This paper provides practical guidance for researchers who are designing studies that randomize groups to measure the impacts of educational interventions.
Will the Past Be Prologue?
In remarks given at a conference sponsored by the U.S. Department of Labor’s Employment and Training Administration, MDRC President Gordon Berlin looks at the extraordinary challenges the current labor market presents to employment policy generally and WIA reauthorization specifically, outlines what we have (and haven’t) learned from research, and makes recommendations for future directions.
Lessons for Practitioners
This 12-page brief distills practical implementation lessons from four programs that help low-wage workers access and retain child care subsidies, public health insurance, the Earned Income Tax Credit, food stamps, and other related government benefits.
The Employment Retention and Advancement Project
A program in Los Angeles offering individualized and flexible case management services to working welfare recipients did not substantially increase the use of work-based services by participants – and did not lead to greater employment or higher earnings than did the county’s existing postemployment program.
Implementation and Early Impacts for Two Programs That Sought to Encourage Advancement Among Low-Income Workers
While these two different programs in the Employment Retention and Advancement Project both increased service receipt, neither had effects on job retention or advancement after 1.5 years of follow-up.
A Research Note for Funders
Targeted toward very low-income families in six high-poverty New York City communities, Family Rewards offers cash payments tied to efforts and achievements in children’s education, family preventive health care practices, and parents’ employment. This paper reviews data on participants’ receipt of rewards and offers preliminary estimates of the program’s impacts on selected educational outcomes during the first year.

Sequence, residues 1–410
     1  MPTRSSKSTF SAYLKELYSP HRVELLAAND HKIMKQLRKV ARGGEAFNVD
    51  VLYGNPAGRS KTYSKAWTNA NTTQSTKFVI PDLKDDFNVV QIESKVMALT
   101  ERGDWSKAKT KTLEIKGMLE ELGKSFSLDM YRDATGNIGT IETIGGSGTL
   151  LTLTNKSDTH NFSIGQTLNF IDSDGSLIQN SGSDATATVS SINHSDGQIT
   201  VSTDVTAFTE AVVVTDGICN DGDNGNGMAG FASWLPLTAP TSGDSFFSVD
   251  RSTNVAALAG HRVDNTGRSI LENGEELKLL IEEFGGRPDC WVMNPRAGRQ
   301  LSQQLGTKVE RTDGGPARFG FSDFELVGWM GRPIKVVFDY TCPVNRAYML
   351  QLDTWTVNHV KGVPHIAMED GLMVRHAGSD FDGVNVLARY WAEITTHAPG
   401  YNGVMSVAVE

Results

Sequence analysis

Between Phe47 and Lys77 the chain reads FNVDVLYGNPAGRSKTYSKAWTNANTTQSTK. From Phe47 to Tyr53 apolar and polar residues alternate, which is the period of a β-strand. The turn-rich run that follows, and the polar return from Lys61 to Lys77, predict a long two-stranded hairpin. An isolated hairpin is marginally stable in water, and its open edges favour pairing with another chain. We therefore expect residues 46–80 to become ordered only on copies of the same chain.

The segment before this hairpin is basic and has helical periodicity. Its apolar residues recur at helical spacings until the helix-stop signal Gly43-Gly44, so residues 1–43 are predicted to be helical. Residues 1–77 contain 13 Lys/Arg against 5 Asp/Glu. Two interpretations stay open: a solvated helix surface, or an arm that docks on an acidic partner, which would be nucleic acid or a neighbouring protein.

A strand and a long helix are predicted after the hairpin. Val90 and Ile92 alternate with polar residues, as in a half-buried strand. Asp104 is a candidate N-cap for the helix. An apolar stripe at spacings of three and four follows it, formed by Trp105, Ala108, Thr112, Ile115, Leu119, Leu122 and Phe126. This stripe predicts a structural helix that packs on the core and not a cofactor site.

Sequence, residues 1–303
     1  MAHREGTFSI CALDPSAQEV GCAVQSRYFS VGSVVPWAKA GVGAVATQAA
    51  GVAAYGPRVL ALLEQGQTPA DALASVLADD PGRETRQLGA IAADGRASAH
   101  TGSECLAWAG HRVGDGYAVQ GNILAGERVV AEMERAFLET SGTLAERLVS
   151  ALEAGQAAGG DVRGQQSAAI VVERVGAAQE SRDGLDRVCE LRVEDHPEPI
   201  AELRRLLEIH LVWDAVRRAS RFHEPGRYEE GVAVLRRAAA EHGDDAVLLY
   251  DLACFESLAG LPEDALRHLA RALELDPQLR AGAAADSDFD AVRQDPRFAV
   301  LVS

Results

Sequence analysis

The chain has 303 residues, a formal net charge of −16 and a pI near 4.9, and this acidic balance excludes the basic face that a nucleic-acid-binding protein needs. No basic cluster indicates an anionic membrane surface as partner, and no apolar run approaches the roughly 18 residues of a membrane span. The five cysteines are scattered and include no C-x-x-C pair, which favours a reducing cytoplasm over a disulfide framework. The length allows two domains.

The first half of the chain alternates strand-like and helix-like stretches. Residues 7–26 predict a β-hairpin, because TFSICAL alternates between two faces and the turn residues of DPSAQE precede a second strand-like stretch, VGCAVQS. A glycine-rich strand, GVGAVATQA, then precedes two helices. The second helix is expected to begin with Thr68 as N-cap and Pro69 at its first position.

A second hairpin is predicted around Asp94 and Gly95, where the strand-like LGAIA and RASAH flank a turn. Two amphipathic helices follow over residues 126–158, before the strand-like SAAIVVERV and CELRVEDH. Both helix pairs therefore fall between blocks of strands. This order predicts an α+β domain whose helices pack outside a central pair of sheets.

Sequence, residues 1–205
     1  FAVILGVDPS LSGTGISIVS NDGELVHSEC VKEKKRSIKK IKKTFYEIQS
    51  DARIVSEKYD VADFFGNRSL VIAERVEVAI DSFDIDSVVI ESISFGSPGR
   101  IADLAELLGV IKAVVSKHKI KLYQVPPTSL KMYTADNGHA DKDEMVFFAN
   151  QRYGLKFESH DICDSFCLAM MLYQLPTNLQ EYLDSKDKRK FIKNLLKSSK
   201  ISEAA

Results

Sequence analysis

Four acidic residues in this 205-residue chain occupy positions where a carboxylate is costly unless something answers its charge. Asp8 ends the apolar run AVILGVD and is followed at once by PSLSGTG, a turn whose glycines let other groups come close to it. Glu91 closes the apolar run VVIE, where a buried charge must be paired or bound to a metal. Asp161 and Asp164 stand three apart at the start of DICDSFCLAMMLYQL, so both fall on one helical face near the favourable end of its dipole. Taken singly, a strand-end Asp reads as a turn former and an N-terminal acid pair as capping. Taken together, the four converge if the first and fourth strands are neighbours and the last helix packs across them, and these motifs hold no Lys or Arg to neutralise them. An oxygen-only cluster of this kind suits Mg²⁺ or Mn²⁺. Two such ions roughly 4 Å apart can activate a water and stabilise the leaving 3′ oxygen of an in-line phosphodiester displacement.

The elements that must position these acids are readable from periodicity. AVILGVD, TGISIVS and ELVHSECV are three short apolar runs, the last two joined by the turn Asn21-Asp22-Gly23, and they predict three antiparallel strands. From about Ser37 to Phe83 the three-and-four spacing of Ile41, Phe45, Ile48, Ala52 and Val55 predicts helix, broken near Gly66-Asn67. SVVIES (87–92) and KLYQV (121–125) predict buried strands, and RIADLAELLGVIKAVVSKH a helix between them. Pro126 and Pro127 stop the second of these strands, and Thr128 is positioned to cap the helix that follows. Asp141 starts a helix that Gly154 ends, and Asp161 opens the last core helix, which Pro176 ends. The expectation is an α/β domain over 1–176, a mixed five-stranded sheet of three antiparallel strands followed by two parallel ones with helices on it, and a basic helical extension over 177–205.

WASC is an innovative strategy to help low-wage workers increase their incomes by stabilizing employment, improving skills, increasing earnings, and easing access to work supports. In its first year, WASC connected more workers to food stamps and publicly funded health care coverage and, in one site, substantially increased training activities.
What We Know, What We Don’t, and What’s Next
Studies of Reading First released in 2008 found no overall effect on student reading comprehension, and the program was eliminated in 2009. However, the research findings were more nuanced than was widely reported, and they offer lessons for policymakers making critical choices today about how the federal government can best support the teaching of reading to young children.
Camden During Receivership
This working paper gives a broad overview of redevelopment efforts under the first term of state receivership in Camden, New Jersey. It concludes that attempts to build public capacity to revitalize cities may need to be complemented by efforts to build civic capacity, or the ability to solve problems in coordination with major partners.
A Framework for Monitoring Outcomes for Residents and Housing Markets in Camden and the South Jersey Region
This paper offers a framework for tracking the extent to which demographic, labor, and housing market conditions are moving in or out of alignment with a range of goals for redevelopment in Camden, New Jersey.